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CCW Weekend: Over A Parking Spot?
By Sam Hoober, Alien Gear Holsters
One of the running themes of this modest column, which has much to be modest about, is using bad examples of human behavior to illustrate ideas that are basic, yet hopefully useful. Among them is this:
If you’re going to get into trouble that involves use of a gun, do so for reasons that aren’t stupid as hell. Otherwise, you might wind up getting called an idiot in the backwater of the press on top of going to jail, and deserving both.
Examples of the wrong kind of trouble often includes people shooting each other over total inanities, like parking spots.
For instance, there was the 2018 shooting of Markeis McGlockton, wherein one Michael Dreika started arguing with McGlockton’s fiance about her having parked in a handicapped space. Dreika became animated, McGlockton got involved and shoved Dreika to the ground.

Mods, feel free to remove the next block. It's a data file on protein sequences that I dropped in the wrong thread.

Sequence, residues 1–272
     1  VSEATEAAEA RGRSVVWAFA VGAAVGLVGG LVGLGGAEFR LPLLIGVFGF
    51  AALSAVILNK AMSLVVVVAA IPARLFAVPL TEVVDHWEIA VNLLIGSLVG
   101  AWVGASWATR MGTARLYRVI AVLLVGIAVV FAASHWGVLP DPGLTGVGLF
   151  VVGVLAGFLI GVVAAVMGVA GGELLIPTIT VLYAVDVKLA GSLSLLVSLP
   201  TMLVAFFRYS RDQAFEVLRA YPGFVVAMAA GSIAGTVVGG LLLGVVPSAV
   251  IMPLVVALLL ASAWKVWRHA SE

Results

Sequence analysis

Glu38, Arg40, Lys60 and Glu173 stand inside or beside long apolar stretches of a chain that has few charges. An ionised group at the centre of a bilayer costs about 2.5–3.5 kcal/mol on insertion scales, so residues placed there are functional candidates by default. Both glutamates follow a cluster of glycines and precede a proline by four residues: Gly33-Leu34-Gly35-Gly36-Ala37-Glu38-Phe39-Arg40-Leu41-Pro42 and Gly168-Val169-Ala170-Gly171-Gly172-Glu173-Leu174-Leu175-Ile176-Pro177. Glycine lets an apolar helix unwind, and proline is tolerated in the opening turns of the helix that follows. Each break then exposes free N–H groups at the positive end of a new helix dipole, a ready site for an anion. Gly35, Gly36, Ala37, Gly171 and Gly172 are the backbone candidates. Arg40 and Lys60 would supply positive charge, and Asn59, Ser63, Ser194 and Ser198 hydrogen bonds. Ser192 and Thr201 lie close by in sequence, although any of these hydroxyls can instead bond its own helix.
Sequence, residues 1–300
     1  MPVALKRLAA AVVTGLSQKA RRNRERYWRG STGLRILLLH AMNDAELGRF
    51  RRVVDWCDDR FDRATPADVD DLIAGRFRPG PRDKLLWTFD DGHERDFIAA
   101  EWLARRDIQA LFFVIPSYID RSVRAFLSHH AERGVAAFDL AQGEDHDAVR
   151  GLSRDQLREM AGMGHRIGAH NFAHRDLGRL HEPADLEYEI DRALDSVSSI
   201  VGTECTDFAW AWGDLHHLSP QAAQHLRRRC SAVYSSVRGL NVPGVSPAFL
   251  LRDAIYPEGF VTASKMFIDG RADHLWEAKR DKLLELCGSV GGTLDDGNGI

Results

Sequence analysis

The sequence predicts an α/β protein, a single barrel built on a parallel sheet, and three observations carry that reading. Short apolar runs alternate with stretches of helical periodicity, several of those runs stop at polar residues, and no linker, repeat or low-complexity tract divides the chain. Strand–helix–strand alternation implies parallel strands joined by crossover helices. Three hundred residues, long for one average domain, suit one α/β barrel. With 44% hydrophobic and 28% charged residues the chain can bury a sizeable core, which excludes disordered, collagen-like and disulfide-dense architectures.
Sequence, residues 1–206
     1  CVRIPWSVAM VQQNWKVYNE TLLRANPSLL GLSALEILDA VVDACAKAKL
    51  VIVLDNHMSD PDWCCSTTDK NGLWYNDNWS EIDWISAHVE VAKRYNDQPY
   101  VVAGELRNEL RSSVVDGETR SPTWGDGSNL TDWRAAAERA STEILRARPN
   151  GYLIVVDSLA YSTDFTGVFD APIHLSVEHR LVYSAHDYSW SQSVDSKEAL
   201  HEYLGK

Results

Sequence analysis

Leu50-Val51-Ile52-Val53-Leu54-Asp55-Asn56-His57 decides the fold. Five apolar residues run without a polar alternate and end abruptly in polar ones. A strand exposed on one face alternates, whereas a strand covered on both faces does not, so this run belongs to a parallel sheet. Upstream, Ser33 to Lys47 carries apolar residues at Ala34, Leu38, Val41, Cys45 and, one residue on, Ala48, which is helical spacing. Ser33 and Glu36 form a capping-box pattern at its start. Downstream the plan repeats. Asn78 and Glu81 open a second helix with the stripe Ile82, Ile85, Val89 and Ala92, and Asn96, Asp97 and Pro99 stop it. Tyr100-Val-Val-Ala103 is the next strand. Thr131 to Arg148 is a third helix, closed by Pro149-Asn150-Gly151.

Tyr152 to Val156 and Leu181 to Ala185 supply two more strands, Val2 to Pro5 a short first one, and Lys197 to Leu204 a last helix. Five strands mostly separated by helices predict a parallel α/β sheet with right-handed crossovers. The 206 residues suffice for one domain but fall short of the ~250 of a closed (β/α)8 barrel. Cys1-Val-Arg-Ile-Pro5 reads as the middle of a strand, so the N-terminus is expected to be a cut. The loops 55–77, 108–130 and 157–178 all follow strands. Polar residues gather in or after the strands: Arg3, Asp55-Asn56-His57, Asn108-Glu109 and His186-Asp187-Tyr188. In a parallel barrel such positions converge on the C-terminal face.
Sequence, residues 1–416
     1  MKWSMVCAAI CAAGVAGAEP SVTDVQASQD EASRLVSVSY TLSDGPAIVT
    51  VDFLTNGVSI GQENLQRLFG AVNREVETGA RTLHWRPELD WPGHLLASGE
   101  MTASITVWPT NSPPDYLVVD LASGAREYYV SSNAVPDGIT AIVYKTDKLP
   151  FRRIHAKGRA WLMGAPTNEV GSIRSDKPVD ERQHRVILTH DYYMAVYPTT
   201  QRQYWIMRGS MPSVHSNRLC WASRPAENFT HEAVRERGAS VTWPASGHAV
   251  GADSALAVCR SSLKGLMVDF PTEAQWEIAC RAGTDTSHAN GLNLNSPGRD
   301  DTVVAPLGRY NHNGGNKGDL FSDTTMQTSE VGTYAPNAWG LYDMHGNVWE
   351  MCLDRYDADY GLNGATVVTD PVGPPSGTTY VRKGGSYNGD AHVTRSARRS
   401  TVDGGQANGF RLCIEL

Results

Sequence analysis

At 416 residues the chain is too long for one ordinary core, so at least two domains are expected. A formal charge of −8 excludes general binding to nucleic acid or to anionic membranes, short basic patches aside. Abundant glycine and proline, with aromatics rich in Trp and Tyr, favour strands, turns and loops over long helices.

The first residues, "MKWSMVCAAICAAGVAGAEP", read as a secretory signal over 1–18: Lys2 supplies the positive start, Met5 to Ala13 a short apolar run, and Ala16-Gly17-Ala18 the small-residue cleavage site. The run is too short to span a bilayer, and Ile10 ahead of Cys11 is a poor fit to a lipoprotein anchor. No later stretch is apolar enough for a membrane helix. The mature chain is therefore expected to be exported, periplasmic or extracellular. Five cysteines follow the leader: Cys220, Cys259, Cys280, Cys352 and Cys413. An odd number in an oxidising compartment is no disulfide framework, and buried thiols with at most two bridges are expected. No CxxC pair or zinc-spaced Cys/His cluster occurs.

Dreika drew his pistol and shot McGlockton, resulting in his death and – in 2019 – Dreika being convicted of manslaughter and being sentenced to 20 years in prison.
Apparently that was far from an isolated incident.
On Christmas Eve in Philadelphia, one Jesus Perez was in the midst of celebrating both Christmas Eve and his birthday with friends and family, when he went outside to argue with a neighbor over a parking spot.
The crowd got bigger and the argument escalated, resulting in police arriving on the scene. The argument turned violent, and Perez drew a pistol and fired into the crowd; the police drew their pistols and fired into Perez.